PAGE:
Recently, I had received e-mail about the passing of an American hero.  As I had never heard his name before, and as his story was so remarkable, I decided to conduct a little research as to the story’s veracity.  In so doing, I discovered an unsung hero whose gallant exploits simply must be shared.

 

I’ll begin by relaying the e-mail:

 

Freeman is Coming!

 

You’re a 19-year-old kid, and critically wounded in the jungles of Ia Drang Valley at Landing Zone X-ray on November 14, 1965,Vietnam.

 

Your infantry battalion is outnumbered 8 to 1, and the enemy fire is so intense, your company Commander has ordered the Medi-Vac helicopters to stop coming in.  You’re listening to enemy gunfire and you know you’re not getting out.

 

You’re family is halfway around the world, 12000 miles away and you’ll never see them again.  As you fade in and out, you know this is the day.

 

Then, over the sound of gunfire, you hear the sound of a helicopter. You look up and see approaching an unarmed Huey, with no Medi-Vac markings on it.

 

It’s Ed Freeman and he’s coming to pick you up.  He’s not a Medi-Vac and it’s not his job, but he’s coming anyway.

 

As he lands amidst the murderous gunfire, they load you and 3 other guys [onto the chopper], and then he flies you up and away through enemy fire to the doctors and nurses. He returns 14 more times to evacuate 30 more men who would have never made it out that day.

 

Valor

When I read this story, I could not help but choke up and say a prayer for this man.  Ed Freeman, whose nickname was “Too Tall” served his country in three wars:  World War II, Korea, and Vietnam.

 

Born in Neely, Perry County, Mississippi, Ed was the sixth of nine children, and actually grew up in the nearby town of McLain.  He was a graduate of that burg’s Washington High School.  During World War II, Ed served in the U.S. Army, progressing through the ranks via his courage and leadership.  By the time for him to serve in the Korean War, he had achieved the rank of Master Sergeant.  Although he was assigned to the Army Corp of Engineers, he fought as infantry and received a battlefield commission at the battle of Pork Chop Hill.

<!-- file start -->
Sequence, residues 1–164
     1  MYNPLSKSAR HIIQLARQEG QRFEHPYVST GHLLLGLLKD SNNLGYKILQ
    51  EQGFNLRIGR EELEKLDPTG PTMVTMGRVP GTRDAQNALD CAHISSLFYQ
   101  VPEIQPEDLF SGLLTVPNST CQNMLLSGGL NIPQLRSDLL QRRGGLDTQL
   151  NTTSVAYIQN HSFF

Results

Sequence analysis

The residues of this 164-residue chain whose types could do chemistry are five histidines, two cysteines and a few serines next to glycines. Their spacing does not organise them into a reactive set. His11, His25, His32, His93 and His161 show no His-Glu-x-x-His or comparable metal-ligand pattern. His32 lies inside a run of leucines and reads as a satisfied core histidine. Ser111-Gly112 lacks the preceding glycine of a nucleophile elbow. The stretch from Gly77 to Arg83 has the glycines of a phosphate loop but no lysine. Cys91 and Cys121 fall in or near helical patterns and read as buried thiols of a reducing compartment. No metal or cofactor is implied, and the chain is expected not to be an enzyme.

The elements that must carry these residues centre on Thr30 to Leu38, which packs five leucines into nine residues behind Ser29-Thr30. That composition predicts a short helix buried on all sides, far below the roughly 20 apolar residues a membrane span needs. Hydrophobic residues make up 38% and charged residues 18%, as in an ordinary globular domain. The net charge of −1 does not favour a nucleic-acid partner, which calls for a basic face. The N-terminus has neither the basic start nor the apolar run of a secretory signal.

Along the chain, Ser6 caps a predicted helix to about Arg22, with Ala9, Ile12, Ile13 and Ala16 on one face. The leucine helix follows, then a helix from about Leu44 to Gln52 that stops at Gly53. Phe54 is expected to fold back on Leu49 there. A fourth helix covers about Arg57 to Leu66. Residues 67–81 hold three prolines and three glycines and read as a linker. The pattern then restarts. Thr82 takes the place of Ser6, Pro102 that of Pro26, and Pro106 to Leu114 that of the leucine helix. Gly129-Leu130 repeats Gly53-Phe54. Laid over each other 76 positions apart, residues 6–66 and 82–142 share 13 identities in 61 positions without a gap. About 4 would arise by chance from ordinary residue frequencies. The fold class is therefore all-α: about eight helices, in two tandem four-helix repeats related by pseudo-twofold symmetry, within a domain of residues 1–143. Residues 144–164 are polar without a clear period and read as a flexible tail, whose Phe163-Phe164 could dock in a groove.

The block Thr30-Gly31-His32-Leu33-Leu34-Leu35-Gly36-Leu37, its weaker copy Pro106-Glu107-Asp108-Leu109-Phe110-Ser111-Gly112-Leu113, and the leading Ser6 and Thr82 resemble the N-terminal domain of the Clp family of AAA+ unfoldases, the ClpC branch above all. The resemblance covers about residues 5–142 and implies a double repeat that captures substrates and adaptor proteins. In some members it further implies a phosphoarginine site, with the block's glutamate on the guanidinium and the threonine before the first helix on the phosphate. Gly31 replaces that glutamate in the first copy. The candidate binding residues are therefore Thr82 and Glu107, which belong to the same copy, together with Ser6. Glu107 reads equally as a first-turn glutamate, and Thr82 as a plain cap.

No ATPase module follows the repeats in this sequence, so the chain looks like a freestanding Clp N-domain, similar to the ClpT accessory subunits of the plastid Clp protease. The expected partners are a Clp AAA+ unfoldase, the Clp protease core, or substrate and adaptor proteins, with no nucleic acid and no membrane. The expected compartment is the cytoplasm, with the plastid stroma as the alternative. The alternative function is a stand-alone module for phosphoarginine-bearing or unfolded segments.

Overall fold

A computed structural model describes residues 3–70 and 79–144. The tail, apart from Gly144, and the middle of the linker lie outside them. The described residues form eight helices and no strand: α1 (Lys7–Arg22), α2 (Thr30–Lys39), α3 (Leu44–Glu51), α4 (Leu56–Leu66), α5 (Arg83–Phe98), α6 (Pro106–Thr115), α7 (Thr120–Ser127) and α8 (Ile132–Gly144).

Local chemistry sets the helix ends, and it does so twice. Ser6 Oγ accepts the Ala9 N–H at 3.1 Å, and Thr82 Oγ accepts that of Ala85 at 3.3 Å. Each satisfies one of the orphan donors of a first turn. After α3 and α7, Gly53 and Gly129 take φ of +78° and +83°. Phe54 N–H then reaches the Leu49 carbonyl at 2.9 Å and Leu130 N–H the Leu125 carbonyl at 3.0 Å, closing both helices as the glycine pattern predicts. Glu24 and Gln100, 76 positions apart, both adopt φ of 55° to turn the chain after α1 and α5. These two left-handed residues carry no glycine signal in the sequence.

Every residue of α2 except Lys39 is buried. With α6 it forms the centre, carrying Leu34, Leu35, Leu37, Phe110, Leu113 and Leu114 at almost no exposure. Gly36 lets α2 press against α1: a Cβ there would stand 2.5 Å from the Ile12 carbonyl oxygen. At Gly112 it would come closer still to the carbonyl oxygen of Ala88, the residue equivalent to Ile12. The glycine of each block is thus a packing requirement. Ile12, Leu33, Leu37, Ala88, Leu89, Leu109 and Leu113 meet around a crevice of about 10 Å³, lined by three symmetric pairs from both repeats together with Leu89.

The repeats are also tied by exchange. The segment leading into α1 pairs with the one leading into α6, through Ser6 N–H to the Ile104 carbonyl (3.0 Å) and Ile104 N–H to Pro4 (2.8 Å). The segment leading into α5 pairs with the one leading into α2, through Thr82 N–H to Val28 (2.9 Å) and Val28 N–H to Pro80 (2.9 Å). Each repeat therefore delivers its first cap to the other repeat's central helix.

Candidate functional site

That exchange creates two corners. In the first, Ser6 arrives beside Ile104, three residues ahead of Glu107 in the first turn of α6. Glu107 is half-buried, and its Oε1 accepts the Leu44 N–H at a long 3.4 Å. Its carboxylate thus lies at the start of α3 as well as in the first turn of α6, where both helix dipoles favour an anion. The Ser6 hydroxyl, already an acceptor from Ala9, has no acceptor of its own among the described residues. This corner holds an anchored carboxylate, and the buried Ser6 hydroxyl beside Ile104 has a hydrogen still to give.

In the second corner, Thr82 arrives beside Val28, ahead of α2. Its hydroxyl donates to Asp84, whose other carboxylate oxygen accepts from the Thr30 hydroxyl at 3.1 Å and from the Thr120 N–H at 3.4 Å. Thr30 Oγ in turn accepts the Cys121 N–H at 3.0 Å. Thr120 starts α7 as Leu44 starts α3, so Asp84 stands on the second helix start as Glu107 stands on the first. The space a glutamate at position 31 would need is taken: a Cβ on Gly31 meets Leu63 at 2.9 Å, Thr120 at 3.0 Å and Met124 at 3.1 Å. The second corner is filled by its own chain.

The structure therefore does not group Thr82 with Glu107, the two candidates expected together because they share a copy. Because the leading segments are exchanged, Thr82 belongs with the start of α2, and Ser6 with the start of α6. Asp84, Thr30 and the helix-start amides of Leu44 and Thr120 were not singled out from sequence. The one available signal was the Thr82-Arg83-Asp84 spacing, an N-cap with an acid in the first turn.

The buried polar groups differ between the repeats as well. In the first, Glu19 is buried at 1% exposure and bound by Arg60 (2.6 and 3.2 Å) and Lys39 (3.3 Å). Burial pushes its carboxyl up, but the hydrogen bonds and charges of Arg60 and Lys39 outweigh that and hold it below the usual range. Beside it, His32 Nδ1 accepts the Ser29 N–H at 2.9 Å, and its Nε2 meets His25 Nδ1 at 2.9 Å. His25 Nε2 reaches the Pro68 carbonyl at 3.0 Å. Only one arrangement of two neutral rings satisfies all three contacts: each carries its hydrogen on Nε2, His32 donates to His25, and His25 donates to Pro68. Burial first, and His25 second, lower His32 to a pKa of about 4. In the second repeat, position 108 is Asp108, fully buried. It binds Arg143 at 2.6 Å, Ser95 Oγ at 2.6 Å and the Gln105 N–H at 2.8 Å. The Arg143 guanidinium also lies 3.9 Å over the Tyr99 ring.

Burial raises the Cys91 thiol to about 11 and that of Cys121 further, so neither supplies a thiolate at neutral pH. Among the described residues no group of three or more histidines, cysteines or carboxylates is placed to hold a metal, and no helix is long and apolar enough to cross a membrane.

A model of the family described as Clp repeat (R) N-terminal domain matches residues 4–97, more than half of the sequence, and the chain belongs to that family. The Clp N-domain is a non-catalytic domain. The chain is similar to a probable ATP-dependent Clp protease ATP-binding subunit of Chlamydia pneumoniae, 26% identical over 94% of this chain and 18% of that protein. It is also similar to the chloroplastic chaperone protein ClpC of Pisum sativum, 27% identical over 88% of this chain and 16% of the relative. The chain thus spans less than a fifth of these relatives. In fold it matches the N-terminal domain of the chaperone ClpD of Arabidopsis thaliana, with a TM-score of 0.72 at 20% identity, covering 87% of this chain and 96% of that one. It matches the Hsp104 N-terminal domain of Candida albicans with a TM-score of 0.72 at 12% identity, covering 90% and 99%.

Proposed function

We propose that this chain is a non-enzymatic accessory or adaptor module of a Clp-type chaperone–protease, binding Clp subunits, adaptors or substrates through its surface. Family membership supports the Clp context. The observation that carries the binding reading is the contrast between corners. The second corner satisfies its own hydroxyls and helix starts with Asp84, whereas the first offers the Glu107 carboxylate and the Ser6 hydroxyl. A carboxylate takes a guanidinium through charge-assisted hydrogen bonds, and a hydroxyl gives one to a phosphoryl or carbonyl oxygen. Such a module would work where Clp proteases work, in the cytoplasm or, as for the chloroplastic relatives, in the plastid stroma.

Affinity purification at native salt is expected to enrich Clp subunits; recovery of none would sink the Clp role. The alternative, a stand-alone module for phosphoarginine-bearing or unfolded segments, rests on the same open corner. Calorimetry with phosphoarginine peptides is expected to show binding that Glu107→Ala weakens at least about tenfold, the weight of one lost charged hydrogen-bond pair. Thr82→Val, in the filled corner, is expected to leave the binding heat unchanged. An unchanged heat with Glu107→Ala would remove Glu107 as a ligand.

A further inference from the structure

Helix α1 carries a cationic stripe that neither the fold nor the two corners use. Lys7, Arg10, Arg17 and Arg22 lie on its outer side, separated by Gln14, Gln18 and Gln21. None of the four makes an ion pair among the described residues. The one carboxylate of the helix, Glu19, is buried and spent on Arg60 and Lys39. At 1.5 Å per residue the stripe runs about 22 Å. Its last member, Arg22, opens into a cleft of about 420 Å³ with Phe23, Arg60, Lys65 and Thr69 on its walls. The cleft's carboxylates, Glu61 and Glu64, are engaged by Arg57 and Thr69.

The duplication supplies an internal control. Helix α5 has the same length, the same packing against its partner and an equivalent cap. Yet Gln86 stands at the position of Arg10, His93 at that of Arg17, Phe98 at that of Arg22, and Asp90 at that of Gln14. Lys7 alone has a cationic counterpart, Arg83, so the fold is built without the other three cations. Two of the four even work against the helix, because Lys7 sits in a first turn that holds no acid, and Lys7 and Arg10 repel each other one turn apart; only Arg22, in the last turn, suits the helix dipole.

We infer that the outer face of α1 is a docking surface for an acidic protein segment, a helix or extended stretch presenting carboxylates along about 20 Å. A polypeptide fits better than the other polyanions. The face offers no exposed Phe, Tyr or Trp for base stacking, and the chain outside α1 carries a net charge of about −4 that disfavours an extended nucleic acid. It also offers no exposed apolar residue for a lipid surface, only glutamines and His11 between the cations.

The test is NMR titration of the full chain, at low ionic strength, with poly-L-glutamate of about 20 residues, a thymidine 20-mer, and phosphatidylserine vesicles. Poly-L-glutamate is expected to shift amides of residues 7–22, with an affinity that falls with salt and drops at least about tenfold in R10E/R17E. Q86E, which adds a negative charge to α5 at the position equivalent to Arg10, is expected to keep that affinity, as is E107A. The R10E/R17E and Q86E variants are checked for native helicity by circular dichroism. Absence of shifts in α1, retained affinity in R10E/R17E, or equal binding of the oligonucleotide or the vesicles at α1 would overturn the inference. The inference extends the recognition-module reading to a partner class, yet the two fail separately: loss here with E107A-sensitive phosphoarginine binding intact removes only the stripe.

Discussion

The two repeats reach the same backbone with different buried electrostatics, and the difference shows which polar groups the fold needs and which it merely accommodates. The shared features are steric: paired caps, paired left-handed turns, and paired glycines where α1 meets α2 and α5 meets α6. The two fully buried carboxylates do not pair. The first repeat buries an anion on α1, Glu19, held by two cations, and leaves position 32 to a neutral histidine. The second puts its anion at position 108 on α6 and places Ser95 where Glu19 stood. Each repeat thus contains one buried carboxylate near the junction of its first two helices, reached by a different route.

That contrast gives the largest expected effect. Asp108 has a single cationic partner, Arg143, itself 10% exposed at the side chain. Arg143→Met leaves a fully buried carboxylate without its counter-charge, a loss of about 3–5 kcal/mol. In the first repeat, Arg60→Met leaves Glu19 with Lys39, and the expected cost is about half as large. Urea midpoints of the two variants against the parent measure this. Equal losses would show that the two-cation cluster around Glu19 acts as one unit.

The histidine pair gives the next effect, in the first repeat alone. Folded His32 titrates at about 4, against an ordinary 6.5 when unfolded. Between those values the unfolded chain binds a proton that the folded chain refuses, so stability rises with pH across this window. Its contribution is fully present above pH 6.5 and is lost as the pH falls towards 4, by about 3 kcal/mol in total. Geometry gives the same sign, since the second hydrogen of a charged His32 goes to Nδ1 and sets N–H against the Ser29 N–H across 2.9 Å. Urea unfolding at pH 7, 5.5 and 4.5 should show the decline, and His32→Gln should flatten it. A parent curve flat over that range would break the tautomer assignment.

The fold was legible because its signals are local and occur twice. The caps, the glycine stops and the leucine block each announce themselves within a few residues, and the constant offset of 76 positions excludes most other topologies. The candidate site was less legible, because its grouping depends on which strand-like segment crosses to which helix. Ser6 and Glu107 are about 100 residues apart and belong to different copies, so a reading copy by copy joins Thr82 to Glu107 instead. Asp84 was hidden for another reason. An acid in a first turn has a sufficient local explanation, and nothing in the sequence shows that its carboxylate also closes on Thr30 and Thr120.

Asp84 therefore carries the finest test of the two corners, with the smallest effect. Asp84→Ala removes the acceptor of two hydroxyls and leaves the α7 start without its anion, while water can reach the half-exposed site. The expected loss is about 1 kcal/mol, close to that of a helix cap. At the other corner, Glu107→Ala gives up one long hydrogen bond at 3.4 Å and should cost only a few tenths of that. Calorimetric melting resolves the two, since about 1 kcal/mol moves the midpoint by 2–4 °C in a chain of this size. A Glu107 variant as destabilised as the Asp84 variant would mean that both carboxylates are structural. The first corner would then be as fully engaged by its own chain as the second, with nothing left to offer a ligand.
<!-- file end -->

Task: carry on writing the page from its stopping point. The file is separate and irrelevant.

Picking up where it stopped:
This commission made him eligible to become a pilot, thereby fulfilling a small part of his childhood dream; Ed had always wanted to fly.  Because he was 6’4″, the military had to disqualify him from flying.  Ed traded a potential pilot’s license for his nickname, which stuck with him throughout the rest of his life.  In 1955, the Army eased the height restrictions for pilots, enabling Ed to attend Flight School.  With the training that he mastered there, he became a top-notch pilot of airplanes and helicopters.

 

In 1965, Ed Freeman, then a Captain, drew an assignment as second-in-command of a sixteen-craft unit: Company A 229th Assault Helicopter Battalion, 1st Cavalry Division (Airmobile).  On November 14th of that same year, Freeman and his unit transported a battalion of American soldiers into the Ia Drang Valley in Vietnam. Arriving back at their base, they learned that the troops they’d transported were under attack and taking heavy casualties. At this point, Ed and his commander, Major Bruce Crandall, volunteered to fly unarmed light helicopters to rescue the wounded and carry water and ammunition to the beleaguered troops.  Those who watched Ed’s chopper brave enemy fire for their benefit, before the copter landed and as it took off, must have thought they were seeing a mirage that day; that is how bleak their situation was. Perhaps when they were aboard, they dreamed that an angel had rescued them.  But it was only Ed, aided by his commander, putting his life on the line for his fellow soldiers.

 

In 1966, Freeman was sent home; a year later, he retired from the military.  With his wife Barbara, he settled in Treasure Valley, Idaho.  Ed continued to fly, as he loved to, and in another capacity, he continued to serve the U.S. government.  He used his skills to track and conduct aerial censuses of wild horses for the U.S. Department of the Interior.  He retired in 1991.

 

Ed Freeman

 

For his actions in Vietnam, Captain Freeman’s commanding officer nominated him for the Medal of Honor.  As a result of a deadline then in place for this particular tribute, he was awarded The Distinguished Flying Cross instead. His nomination for Medal of Honor languished until 1995, when the deadline was eliminated.  Nearly six years later, President George W. Bush presented the Medal of Honor to him on July 16, 2001. After Ed’s death, in March of 2009, the Post Office in his hometown McLain, Mississippi was renamed in his honor, The Major Ed Freeman Post Office.

 

The media is chock-a-block with tales of violence and hatred perpetrated by twisted individuals and so-called religious zealots.  I feel it’s only right to give equal time to “the good ones” among us — the ones who take risks, the ones who demonstrate genuine compassion for others, the ones who put their money where their mouths are.  Ed Freeman surely fits that bill.